In the midst of a tumultuous summer, marked by strikes and demands for fairness, Black Hollywood is facing a pivotal question: Will the solidarity seen on the picket lines endure? The ‘hot labor summer’ brought together a diverse spectrum of voices within the entertainment industry, but the question remains whether this unity will translate into lasting change for Black actors and writers.
One cannot help but admire the optimism of Brian Michael Smith, an actor celebrated for breaking barriers as the first Black transgender man cast as a series regular on network TV. During the strikes that saw tens of thousands of SAG-AFTRA members joining the Writers Guild of America on picket lines, Smith highlighted the dual nature of the struggle. While individuals fought for their rights and freedom, a recognition emerged that all marginalized groups were interconnected. Capitalism, with its potential to marginalize, became a common enemy.
The strikes were not without reason. Hollywood’s actors and writers were united in their resistance against the rampant use of artificial intelligence and their demands for fair residuals payments. The studios eventually yielded to the Writers Guild of America on these fronts. However, amidst this broader solidarity, Black actors and writers grappled with their unique set of challenges.
For Black individuals in Hollywood, the battle for fairness extends beyond the strike lines. They have long confronted underrepresentation, racial bias, meager pay, cutthroat competition, typecasting, and the industry’s misguided belief that Black stories have limited appeal unless centered on slavery or ‘white saviors.’
As the strikes disrupted budgets and households, a fundamental question looms for Black Hollywood: Will the solidarity witnessed on the picket lines translate into meaningful and lasting change? Recent history offers little cause for optimism. Despite movements like #OscarsSoWhite and #MeToo, the entertainment industry still falls short in terms of representation.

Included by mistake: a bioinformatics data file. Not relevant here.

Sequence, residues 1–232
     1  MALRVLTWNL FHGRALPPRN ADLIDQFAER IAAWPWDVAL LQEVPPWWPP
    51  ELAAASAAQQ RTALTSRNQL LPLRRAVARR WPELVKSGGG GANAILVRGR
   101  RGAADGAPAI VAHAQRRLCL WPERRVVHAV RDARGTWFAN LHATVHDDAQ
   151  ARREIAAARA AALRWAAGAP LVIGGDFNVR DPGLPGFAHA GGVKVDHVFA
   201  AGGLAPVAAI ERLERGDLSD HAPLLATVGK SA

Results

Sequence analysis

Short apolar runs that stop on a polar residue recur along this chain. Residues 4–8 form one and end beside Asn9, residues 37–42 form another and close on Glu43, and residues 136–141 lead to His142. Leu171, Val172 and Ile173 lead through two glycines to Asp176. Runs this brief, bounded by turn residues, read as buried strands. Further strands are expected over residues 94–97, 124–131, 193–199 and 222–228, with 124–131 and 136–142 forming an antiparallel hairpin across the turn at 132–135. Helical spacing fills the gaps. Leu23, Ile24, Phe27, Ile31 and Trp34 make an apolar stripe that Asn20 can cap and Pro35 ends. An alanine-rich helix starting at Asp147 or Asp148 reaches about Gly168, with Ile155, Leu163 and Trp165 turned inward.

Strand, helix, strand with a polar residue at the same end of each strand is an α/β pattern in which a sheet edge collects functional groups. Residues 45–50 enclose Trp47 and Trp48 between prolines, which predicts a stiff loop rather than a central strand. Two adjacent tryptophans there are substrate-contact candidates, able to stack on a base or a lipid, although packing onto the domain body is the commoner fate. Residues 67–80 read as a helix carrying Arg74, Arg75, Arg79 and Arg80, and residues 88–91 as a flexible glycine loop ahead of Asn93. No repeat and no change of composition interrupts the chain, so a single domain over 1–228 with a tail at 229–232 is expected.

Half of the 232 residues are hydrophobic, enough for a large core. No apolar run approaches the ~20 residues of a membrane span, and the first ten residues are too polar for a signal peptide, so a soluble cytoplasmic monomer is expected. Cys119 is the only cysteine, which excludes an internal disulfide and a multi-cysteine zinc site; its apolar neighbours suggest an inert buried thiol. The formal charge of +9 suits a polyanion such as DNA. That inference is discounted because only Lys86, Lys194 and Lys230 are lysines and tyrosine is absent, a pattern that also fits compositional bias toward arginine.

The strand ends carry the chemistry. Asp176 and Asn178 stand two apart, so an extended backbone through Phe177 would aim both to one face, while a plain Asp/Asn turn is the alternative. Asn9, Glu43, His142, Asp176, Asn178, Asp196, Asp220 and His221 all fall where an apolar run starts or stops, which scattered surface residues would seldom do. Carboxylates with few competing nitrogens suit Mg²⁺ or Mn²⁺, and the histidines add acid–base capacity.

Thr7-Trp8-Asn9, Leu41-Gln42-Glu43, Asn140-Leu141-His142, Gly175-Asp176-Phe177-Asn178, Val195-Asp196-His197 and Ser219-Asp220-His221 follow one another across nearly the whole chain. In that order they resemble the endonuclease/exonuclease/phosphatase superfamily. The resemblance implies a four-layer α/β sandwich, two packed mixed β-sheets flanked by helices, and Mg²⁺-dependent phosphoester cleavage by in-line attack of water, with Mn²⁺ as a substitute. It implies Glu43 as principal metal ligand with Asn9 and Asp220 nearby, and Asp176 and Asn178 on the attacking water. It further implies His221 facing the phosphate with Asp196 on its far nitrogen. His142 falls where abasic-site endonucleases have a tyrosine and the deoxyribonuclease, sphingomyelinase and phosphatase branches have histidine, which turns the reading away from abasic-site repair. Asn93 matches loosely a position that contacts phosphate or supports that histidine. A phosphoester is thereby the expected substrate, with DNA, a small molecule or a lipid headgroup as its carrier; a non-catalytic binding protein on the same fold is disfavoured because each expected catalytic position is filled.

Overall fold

A recent analysis by USC’s Annenberg Inclusion Initiative paints a stark picture. From 2007 to 2022, Hollywood made minimal progress in on-screen representation for women, people of color, LGBTQ+ individuals, and people with disabilities. While there was a slight uptick in leading roles for these groups, the numbers remain far from satisfactory.
The disparities aren’t limited to on-screen roles. In 2020, only 37% of TV writers were people of color, as reported by the WGA West Inclusion & Equity Report. Additionally, Hollywood has often fallen short on its commitments to diversity, equity, and inclusion, with diverse cast-led shows canceled and top-level DEI executives shown the door.
Black actors like LaNisa Frederick and Danielle Pinnock have been vocal about the empty promises made during the racial reckoning of 2020. Despite pledges for representation, opportunities for Black creatives have often remained elusive.
Moreover, one demand that deserves more attention relates to hairstyling and makeup. Black actors have called for access to professionals who understand their hair textures and skin tones. However, studios have agreed to this only for principal performers, leaving background actors underserved.
The Thin Veil of Progress
Despite the push for diversity, inclusion, and equity, some, like writer Jake Lawler, view these efforts as a ‘thin veil.’ Lawler, who transitioned from college football to Hollywood, predicts a contraction in opportunities for individuals like him as the industry seeks cost-cutting measures.
The Toll on Black Hollywood
While the strikes have affected everyone, the burden has fallen heavier on Black Hollywood. As the saying goes, when white Hollywood catches a cold, Black Hollywood gets the flu. The struggle continues, with Black actors persistently fighting for meaningful change in an industry rife with challenges.
In conclusion, the ‘hot labor summer’ saw a moment of unity within Hollywood, but the question remains: Will ‘hot labor summer’ solidarity last for Black Hollywood? As the industry grapples with systemic issues and inequality, it is imperative that the momentum gained during the strikes translates into tangible and enduring progress for Black actors and writers.
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